NC GOP

More DMV screwups compound Voter ID problems

Thanks to the GOP, the term "Backlog" has never been so commonly used:

Thousands of drivers in Forsyth County and across North Carolina have lost their license because the N.C. Department of Motor Vehicles didn’t update its records, Forsyth County Clerk of Court Susan Frye said. “We’ve had people lose their jobs over this,” Frye said Friday.

She said once she started noticing the issue, she and other clerks across the state tried to get answers from the DMV. Court officials finally got one in March when they were told about the backlog, she said. Frye said clerks were also told that a disgruntled DMV employee shredded some of the error reports. Steve Abbott, a spokesman for the DMV, declined to comment on that or any other additional questions because of the pending investigation.

That's also not the first time McCrory's painfully incompetent bureaucracy has used that "disgruntled worker" excuse, but you know? We never see them. "Oh, he's gone. That problem has been dealt with, and most severely, I assure you." Right. Until the next disgruntled strawman decides to shred some important data. It's funny, but it's really not funny, especially if you're one of the thousands who lose your driving and voting capabilities as a result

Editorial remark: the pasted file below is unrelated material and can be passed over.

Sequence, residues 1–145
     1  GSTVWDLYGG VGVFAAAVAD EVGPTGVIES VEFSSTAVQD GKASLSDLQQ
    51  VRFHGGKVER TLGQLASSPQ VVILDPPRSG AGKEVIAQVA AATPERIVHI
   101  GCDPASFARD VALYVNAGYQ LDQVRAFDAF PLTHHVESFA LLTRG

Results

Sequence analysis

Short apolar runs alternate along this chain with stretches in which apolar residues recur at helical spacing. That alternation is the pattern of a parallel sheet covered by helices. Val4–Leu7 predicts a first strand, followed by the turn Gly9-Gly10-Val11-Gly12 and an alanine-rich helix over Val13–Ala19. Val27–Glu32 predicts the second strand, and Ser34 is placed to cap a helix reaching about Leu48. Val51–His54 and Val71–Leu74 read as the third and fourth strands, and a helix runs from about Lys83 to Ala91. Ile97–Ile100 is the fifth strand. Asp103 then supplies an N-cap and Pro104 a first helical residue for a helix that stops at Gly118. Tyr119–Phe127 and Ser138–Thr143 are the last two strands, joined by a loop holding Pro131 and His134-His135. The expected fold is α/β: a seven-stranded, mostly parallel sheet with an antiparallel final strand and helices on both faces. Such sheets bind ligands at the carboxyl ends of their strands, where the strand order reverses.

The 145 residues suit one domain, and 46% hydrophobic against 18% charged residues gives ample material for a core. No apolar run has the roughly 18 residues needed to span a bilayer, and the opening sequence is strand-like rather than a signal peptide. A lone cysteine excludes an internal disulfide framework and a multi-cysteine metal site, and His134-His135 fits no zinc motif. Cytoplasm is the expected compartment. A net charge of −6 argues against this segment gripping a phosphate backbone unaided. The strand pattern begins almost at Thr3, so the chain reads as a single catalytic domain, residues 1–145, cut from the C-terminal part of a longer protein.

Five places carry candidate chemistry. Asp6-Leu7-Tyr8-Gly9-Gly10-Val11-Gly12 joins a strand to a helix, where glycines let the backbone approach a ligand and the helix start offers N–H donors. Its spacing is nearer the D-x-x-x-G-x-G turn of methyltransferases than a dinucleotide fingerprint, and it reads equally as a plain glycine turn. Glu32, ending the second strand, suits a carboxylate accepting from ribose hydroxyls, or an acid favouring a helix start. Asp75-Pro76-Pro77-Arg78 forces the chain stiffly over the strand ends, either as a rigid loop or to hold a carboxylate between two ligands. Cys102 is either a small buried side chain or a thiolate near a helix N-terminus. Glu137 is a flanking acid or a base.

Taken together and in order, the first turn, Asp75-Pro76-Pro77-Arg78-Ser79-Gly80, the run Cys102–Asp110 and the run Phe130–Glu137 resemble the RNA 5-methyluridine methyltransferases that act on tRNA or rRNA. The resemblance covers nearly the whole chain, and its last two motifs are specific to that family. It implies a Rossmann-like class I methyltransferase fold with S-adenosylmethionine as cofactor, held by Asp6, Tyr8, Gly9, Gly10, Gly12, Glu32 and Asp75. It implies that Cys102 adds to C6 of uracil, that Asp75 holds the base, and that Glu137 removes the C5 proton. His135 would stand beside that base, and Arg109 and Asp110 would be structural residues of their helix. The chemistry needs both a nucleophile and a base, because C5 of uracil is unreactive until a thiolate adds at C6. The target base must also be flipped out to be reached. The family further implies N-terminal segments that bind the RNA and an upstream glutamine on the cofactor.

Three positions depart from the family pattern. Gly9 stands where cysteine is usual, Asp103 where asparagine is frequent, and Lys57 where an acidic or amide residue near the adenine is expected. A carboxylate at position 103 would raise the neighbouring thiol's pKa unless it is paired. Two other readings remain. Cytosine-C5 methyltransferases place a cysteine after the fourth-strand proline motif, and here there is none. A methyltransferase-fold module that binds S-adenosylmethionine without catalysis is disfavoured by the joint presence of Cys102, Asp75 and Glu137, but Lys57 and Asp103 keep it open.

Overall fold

Plantation owner's cotillion disrupted by angry peasants

What's the point in being landed gentry if you can't steal from your subjects?

Jackson, an Autryville Republican, owns Jackson Farming Co. in Sampson County. The protest was connected to a federal lawsuit brought by seven former workers from Mexico who worked on Jackson’s farm on H-2A agricultural visas. The lawsuit claims they were cheated out of money. Money was deducted for work-related travel, and one worker was fired after he complained about unfair wage deductions, the lawsuit said.